For Dennis Huddleston making music as 36 seems to be coming to an end with Lithea, the final part of what is a triptych album series that began with the a la Lifeforms-era Future Sound of London Hypersona, an album where ambient seems to be reborn out of its ashes and sound altogether new and apocalyptic, and the equally highly rated Hollow. Lithea has many of the characteristics that made me personally appreciate his previous albums. The beautiful usage of atmospheres, the controlled, yet so apparent emotions that seem to emerge from the music (emotions that vary from awe to horror and optimism to sadness) are here, but at the same time it is lacking some of the innocence of Hypersona, which is to be expected as the artist is exploring new territories and testing the boundaries of his sound. The music here is darker as 36 makes a greater use of cinematic sounds. Tracks such as “Susurrus” with what sounds like a field recording of the wind blowing at night or “1983” with the sounds of children playing in the background produce an eerie feeling, while others such as “Seance” or “Deluge” are more upbeat or psychedelic.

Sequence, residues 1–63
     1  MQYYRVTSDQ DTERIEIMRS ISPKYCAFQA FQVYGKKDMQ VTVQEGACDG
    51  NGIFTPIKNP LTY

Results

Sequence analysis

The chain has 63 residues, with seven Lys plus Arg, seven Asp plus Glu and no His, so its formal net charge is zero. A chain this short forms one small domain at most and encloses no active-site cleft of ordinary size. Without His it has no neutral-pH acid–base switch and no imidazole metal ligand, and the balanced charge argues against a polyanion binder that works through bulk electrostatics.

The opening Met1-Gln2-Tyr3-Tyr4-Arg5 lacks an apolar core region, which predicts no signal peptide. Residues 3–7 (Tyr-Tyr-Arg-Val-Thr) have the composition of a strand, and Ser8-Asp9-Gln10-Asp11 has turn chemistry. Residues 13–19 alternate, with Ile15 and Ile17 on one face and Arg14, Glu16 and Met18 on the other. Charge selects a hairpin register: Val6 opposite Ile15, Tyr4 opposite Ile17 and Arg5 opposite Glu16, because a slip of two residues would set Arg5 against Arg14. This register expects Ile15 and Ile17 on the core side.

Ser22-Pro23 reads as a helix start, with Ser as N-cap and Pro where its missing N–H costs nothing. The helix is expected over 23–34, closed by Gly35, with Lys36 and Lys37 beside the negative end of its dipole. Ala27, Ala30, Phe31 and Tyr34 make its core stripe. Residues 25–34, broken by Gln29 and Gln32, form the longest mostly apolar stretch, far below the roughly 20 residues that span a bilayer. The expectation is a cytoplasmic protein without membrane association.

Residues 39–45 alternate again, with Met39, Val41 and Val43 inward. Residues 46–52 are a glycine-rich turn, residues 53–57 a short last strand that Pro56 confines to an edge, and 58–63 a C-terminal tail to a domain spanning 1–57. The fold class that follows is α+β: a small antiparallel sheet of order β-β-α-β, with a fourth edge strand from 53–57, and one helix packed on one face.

Lithea has many of the qualities one would expect from an ambient album with its dream- (or nightmare-) like atmospheres which allow the listener to travel to a matter-less world that resembles the abstract image on the album’s cover. In the almost one hour and twenty minutes the album lasts, we are slowly hypnotized as the music merges with the sounds of the environment no matter how different they might be. It is not easy for an album this long to keep one interested throughout its duration, but this one seems to evolve from one track to another with slight variations in rhythm and the addition of various thematic elements, which keep us wanting for more, and offer the opportunity to discover something new with repeated listenings.
Lithea is music of rare beauty, music to close your eyes to and meditate or imagine a better future where man, machine and nature are in complete harmony. (John Kontos)